My current guess at the optimal time for me to bail for either a startup (I'd really like to do something in epistemic public goods (EPGs) or improving institutional decision making (IIDM)) or full time alignment research (see below) is in 6-12 months. Two friends are adamantly telling me that now, not in 6-12 months, is the time to jump on a particular startup (that doesn't excite me very much; my friends just aggravatingly have a good point about my comparative advantage). It would not be as prosocial as a EPGs or IIDM project, but the idea is that it would make me rich (i.e. 7-8 figures). See, it's nearly a moral intuition I have that prioritizing getting rich over happiness or prosocial impact is a bad move, but in the words of a friend "if you have more money you can afford more morals".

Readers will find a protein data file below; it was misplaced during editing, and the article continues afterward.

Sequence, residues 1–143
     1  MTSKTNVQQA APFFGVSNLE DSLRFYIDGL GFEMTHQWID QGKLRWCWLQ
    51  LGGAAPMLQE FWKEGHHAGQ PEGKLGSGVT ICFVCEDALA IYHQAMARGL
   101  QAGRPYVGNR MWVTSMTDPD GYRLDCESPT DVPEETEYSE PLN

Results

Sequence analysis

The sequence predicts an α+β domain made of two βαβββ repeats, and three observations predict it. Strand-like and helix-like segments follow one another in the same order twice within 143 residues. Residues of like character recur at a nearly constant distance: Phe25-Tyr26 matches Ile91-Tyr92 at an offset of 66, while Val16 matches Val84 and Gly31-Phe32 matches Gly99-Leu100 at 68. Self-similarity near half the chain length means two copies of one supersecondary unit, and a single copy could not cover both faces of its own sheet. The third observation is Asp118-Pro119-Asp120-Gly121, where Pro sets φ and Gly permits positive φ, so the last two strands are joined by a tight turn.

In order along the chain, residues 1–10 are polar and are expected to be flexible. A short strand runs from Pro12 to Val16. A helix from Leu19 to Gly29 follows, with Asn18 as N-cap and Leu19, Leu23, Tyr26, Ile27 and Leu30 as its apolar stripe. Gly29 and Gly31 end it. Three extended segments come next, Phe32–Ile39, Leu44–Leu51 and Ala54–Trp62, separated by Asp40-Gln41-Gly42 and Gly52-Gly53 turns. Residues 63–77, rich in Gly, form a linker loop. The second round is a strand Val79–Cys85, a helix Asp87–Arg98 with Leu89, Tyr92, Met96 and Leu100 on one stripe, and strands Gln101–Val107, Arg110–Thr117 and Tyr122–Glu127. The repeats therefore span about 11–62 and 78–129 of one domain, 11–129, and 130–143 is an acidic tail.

Back and forth

There's a great Aaron Schwartz piece called theory of change. In it, he says that working backwards strictly outperforms working forwards.

A theory of change is the opposite of a theory of action — it works backwards from the goal, in concrete steps, to figure out what you can do to achieve it. To develop a theory of change, you need to start at the end and repeatedly ask yourself, “Concretely, how does one achieve that?"

This can be expressed in instrumental vs. terminal values. You form a picture of yourself eating chocolate, so you form a picture of yourself at the store, and so on until you form a picture of yourself grabbing your keys, wallet, and mask. Line up the pictures, and pull them into reality.